ArtReview sent a questionnaire to artists and curators exhibiting in and curating the various national pavilions of the 2015 Venice Biennale, the responses to which will be published daily in the lead-up to the Venice Biennale opening.
Camille Norment is representing the Nordic pavilion. The pavilion is in the Giardini.
What can you tell us about your exhibition plans for Venice?
In Rapture in the Nordic Pavilion, I will create a multisensory sonic and sculptural space traversed by a strong dynamic force such as the wind, intense sound, or a historical moment so that after leaving the pavilion there appears to be a state of excitation and an ongoing, unfinished moment – a situation hovering between poetry and catastrophe. Within the pavilion visitors will hear a new composition of a chorus, and the sounds of the Glass Armonica which will emanate from the glass membrane of the pavilion. Sculptural elements based on projectile boom microphones, and shattered glass (reflecting the windows whose panes have been ‘over-excited’) reinforce the sonic experience.
Are you approaching this show in a different way as to how you would a ‘normal’ exhibition?
The architectural structure of the Nordic pavilion is one that unites the outside with the inside and is open to the elements in a way that is elegant, but very challenging as a contemporary exhibition space. As an historic artifact, the pavilion itself is an ‘untouchable object.’ Practically and conceptually, I treated the pavilion as a space that must contend with external forces, such as nature, weather etc. There is also an interesting resonance that the notion of ‘inside/outside’ has with some of the social challenges occurring in the Nordic region and across all of Europe today. As such, it is a site-specific installation. Approaching a site in consideration of its specificity is something I’d certainly consider normal for my way of thinking.
What does it mean to ‘represent’ your country? Do you find it an honour or problematic?
Of course, it’s an absolute honour to participate in the Biennale, and certainly to exhibit in the Nordic pavilion. But I can’t really say what ‘representing’ a country is supposed to mean. A lot of discourses in recent years, certainly within the context of the Venice Biennial pavilions, have sought to deconstruct the very notion of representation. It’s not so much about a person representing a country as it is about a particularly relevant art practice, perspective, and conceptual focus that can be offered as a new platform for perception, thought, and discussion. There are many precedents in the biennial, so I find it more interesting to keep pushing the dialogue beyond and forward.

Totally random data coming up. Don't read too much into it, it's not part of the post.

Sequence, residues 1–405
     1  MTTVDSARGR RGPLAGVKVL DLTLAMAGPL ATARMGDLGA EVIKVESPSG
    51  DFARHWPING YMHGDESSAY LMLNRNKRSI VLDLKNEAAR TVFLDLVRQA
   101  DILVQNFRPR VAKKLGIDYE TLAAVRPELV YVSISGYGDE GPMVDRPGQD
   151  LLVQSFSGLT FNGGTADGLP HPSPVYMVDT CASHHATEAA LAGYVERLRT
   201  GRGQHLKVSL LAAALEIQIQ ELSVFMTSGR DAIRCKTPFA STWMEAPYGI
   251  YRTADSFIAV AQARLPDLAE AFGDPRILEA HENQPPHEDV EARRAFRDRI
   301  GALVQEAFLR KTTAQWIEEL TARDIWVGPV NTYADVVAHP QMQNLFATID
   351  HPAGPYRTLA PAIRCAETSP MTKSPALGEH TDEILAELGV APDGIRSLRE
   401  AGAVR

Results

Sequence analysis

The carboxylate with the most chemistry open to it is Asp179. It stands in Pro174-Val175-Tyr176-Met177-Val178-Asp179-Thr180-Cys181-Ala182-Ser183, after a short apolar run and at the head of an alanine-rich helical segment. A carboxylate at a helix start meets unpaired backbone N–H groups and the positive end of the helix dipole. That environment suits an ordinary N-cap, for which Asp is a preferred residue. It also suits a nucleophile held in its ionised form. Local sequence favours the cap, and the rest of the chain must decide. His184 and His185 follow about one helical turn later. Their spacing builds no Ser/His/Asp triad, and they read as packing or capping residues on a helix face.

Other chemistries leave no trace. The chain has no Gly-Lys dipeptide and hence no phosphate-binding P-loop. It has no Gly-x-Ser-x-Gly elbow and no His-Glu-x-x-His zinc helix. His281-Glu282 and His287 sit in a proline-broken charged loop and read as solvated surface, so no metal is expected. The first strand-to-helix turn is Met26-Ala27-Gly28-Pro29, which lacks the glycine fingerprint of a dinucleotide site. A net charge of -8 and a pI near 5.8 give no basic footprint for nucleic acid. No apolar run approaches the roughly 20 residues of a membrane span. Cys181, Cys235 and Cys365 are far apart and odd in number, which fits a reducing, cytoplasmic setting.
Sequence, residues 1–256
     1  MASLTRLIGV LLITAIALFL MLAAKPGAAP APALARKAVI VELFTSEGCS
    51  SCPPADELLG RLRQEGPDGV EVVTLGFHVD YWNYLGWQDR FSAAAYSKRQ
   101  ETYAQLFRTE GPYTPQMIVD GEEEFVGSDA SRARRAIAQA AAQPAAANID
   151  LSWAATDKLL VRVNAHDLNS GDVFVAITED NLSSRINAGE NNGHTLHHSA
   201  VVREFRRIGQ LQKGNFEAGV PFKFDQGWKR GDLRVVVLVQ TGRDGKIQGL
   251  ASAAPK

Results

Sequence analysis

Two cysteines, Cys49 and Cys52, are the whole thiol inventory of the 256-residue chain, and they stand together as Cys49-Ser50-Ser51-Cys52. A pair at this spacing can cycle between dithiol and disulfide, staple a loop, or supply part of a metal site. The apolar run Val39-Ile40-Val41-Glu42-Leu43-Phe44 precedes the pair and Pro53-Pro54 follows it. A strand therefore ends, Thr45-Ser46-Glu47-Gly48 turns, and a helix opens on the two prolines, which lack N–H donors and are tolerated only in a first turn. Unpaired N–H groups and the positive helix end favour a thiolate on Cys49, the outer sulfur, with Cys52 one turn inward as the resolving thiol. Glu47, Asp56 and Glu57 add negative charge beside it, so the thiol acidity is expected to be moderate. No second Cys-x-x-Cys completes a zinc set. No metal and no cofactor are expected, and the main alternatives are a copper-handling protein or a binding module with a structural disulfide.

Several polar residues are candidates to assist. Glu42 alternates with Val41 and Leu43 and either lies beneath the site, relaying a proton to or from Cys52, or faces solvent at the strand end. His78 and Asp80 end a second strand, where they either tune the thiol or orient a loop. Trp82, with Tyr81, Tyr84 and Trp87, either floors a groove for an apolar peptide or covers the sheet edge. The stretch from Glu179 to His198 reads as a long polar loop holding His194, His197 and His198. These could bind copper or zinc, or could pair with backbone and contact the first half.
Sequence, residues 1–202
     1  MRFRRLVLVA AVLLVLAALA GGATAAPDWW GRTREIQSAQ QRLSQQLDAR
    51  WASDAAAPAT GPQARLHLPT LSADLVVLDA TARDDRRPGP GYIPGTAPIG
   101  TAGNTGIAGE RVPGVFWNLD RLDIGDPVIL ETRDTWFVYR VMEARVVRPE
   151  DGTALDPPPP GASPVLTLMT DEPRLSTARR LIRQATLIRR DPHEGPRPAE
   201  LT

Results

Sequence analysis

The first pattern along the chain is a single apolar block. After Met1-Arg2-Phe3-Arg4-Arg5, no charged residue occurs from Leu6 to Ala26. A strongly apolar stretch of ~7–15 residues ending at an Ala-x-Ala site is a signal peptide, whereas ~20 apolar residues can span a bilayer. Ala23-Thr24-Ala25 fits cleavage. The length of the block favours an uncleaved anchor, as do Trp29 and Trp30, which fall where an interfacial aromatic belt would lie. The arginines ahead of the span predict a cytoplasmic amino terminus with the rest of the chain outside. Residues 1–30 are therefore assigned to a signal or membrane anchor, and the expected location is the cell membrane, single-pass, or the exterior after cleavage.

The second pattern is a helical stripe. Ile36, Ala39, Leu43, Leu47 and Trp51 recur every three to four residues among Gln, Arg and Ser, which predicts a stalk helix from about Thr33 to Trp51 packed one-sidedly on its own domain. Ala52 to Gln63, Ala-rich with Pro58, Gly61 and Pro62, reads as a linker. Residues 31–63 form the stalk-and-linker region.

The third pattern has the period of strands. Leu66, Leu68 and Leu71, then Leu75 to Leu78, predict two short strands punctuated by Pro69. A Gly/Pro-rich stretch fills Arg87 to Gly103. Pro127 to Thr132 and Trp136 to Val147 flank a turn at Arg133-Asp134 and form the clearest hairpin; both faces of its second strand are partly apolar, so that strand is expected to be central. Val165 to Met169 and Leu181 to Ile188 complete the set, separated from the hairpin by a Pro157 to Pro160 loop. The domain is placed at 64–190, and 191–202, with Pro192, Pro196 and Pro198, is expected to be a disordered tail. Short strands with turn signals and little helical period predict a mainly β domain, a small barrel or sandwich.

How are you approaching the different audiences who come to Venice – the masses of artist peers, gallerists, curators and critics concentrated around the opening, and the general public who come through over the following months?
I hope I am treating the audiences as I might always do. My work is built upon layers of perception, beginning with immediate sensual and sonic experience, which is available to everyone. There is a lot of other information that can augment the experience if one is interested in delving deeper. However, I want to make the installation, performance series, and publication accessible and substantial on many levels, while offering space for varied individual interpretations.
What are your earliest or best memories of the Biennale?
Absolutely 1993 – my virgin year at the Biennale. Before then, I was largely attracted to expressionist modes in Modernism and hadn’t yet fully understood, much less fully articulated a voice among contemporary modes of art practice. It was like a being kid in a toy store from the future. I was most impressed by the Arsenale, and always look forward to experiencing how the Biennale themes unfold through the exhibitions. One of my favorite works from all of my Biennale visits was Hans Haacke’s installation in the 1993 German pavilion. I was particularly struck by the sound created by walking over the broken floor. Personally, to some extent, I’ve returned to re-adopt some of the earlier poetic or expressionist executions I had previous to that time, but more consciously combined with a discourse of the subjective body related to that time. I feel it’s timely and makes sense; the times have cycled back to similarly relevant issues.
You’ll no doubt be very busy, but what else are you looking forward to seeing?
I really want to carve time to run along the beach on the Lido. More so, I hope that I can find a feasible enough route to have a run on the way to the pavilion in the mornings. I lived in Dorsodoro as a student, so the San Marco crowds, and biennial force was something in the distance – I had to travel to get to it. I hope to find that quiet space again and be able to experience Venice with a distance and closeness that I haven’t before. There are also particular historical aspects of the city I want to understand better, such as the history of the glassworks, trade, and the now fetishized presence of the Moors. Perhaps this will be another start.
How does a having a pavilion in Venice affect the art scene in your home country?
Art seeks to operate beyond frameworks defined by political structures so it’s no surprise that I’ve only been congratulated and offered a lot of support. Many have found it curious that I should be exhibiting in the Nordic pavilion (given that I am American-born), but just as immediate is the thought that this should be irrelevant. We’re all quite used to, and rarely question the fact that national sports teams are typically comprised of players from all over the world, I was recently told. It’s interesting because, of course, it is still very relevant today, especially given such a strong return to nationalist ideals of recent years. I feel my participation represents the desire for a positive moving force.
Online exclusive published on 9 May 2015.